Eldoret businessman Jackson Kibor can breathe sigh of relief after the Environment and Lands Court ruled in his favour in a protracted dispute, pitting his sons and his former employees over a 1,250-acre farm in Soy, Uasin Gishu County. The court dismissed three applications filed by Kibor’s sons and the employees seeking to stop the execution of a ruling delivered on May 6 pending appeal.
The sons – Elkanah Kipleting and Ezekiel Kipng’etich – and Kibor’s daughter-in-law Michelle Chebet wanted the court’s intervention pending the hearing of their appeal. Justice Antony Ombwayo had in May ruled that Kibor was the legal owner of the disputed land, but his sons moved to challenge the ruling in the Court of Appeal.
The employees, in their application, told the court that they are senior citizens who will suffer irreparable damages if they are evicted from the disputed land. They argued that Kibor is likely to dispose of the land and subject them to substantial loss unless their application was allowed.
They sought a temporary injunction restraining Kibor from any dealings on LR No. 8300 and 8301, pending the hearing and determination of the intended appeal. But Justice Stephen Kibunja dismissed the applications, saying there was no evidence showing the extent of damage that the applicants would suffer. “In all the three applications, there is no evidence tendered that goes to show the extent of the damage the respective defendants are likely to suffer if the applications are not granted,” he noted.
He added, “That in any case, the judgement delivered on May 6, 2020 clearly shows the prayer to have the sons of the plaintiff (Kibor), that is the 11th to 15th and 18th Defendants was declined, and there is no evidence tendered to suggest or show that the Plaintiff has set out to evict them, or is likely to evict them before the appeal is heard and determined.”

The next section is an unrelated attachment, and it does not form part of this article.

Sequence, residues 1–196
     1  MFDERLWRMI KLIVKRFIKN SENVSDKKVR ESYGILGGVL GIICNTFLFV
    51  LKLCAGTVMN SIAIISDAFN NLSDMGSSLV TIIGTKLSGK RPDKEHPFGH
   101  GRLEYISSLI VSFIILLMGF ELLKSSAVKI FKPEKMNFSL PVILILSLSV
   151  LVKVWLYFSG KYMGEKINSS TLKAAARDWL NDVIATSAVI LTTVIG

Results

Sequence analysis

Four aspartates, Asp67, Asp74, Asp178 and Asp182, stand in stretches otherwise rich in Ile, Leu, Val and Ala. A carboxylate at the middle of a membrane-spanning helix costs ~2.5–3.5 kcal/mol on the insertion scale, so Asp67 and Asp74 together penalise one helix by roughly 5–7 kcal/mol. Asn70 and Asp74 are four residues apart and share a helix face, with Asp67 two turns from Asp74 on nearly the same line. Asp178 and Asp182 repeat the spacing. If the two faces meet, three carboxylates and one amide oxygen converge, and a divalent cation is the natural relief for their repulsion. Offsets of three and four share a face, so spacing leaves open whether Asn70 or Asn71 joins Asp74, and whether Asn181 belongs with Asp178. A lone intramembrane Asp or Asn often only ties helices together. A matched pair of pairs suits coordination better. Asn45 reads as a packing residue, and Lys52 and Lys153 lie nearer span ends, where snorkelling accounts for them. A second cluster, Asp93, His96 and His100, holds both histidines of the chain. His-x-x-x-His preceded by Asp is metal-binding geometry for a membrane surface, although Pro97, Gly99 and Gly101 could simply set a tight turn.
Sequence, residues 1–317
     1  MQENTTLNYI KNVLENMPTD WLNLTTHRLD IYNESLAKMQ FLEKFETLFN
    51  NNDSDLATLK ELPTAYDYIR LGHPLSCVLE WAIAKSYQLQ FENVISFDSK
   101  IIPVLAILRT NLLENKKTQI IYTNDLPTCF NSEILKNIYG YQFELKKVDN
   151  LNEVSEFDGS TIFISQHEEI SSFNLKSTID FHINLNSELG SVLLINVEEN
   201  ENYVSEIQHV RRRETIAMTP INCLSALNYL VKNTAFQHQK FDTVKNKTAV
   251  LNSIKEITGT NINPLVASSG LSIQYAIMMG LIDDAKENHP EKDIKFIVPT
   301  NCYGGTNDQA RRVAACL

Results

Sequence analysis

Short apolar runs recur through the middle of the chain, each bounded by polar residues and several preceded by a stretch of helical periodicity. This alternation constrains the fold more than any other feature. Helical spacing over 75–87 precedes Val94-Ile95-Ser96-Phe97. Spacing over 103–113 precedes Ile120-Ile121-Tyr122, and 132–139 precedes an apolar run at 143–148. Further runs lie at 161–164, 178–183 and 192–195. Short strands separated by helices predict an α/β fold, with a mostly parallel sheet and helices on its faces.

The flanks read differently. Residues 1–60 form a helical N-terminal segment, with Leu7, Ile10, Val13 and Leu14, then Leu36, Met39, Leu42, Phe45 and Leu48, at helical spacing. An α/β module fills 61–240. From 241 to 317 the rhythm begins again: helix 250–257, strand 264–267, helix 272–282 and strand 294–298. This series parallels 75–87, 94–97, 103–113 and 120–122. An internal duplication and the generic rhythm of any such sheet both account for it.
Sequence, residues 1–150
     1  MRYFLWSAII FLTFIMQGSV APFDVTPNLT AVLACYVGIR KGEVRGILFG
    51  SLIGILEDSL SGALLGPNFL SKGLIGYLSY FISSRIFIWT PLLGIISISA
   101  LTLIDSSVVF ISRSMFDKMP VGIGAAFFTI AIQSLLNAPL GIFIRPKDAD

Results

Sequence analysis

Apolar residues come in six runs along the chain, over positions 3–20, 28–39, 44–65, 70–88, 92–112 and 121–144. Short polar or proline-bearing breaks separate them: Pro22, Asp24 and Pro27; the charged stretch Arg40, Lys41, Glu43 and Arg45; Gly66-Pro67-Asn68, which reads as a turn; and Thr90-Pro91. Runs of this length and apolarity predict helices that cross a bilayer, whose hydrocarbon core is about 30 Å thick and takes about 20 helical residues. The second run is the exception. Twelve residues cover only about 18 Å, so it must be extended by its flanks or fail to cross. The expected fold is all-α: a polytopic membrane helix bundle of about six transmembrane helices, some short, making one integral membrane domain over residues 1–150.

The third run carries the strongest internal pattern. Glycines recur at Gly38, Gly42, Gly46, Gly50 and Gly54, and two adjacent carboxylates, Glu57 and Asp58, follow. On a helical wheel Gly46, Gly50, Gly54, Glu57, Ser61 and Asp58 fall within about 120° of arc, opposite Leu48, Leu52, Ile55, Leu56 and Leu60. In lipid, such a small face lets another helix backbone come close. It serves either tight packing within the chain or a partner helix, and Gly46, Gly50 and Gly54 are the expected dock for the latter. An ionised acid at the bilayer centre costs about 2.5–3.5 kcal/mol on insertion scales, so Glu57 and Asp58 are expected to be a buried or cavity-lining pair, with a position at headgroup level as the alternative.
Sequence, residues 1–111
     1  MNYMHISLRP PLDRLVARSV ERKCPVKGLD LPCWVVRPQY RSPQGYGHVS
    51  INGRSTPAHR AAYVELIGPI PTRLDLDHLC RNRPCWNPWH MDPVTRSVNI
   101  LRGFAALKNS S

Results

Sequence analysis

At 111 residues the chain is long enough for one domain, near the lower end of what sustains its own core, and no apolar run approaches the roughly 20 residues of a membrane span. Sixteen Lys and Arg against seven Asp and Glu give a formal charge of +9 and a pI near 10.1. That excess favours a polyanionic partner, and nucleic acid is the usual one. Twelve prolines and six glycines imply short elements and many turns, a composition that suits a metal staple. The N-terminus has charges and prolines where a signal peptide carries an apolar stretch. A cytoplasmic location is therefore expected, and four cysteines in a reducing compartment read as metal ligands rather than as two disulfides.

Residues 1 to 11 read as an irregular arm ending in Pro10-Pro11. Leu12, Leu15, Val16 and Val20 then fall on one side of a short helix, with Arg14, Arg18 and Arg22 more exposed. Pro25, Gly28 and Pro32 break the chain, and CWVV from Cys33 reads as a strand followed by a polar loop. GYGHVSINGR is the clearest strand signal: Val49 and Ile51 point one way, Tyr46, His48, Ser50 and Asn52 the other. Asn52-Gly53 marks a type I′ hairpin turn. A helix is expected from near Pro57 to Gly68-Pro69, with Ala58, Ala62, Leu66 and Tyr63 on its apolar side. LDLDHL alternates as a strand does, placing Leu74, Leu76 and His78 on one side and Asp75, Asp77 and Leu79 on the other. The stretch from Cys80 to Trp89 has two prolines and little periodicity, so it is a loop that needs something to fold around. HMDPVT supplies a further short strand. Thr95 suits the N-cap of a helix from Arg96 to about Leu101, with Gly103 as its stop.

Kibor had moved to court in 2016 to block the transfer of the parcels of land to his sons in an unresolved family dispute. He also claimed that his employees were illegally registered as proprietors of the parcels of land. After hearing the dispute, the court ruled that Mzee Kibor was the legal owner of the land and that his sons and employees did not have valid claim on the land. The judge ruled that unlike his sons, Kibor presented in court documents which validated his ownership.
“The upshot of the above is that the plaintiff has proved his case on balance of probability and I, therefore, declare that he is the rightful owner of the original parcel known as LR No 8300 and 8301 (LR 16815 and LR 16896/1),” the court had ruled. The court had further directed the affected employees to vacate the land within a period of 150 days failure to which they will be forcefully evicted.
Elkana Kipleting, Evans Kipkosgei, Eric Kipchumba, Raymond Kibitok and Edwin Kipkoech, who are Kibor’s sons, are said to have fraudulently subdivided and were processing title deeds to the land. Other defendants included Kipruto arap Lelei, Samuel Kiprono, Tanguar Suge, Serei arap Lelnengit, Chelulei Keino, Wesley Sambai, Kiprotich arap Kibiwott and Gideon Chemiron who are Kibor’s former employees.
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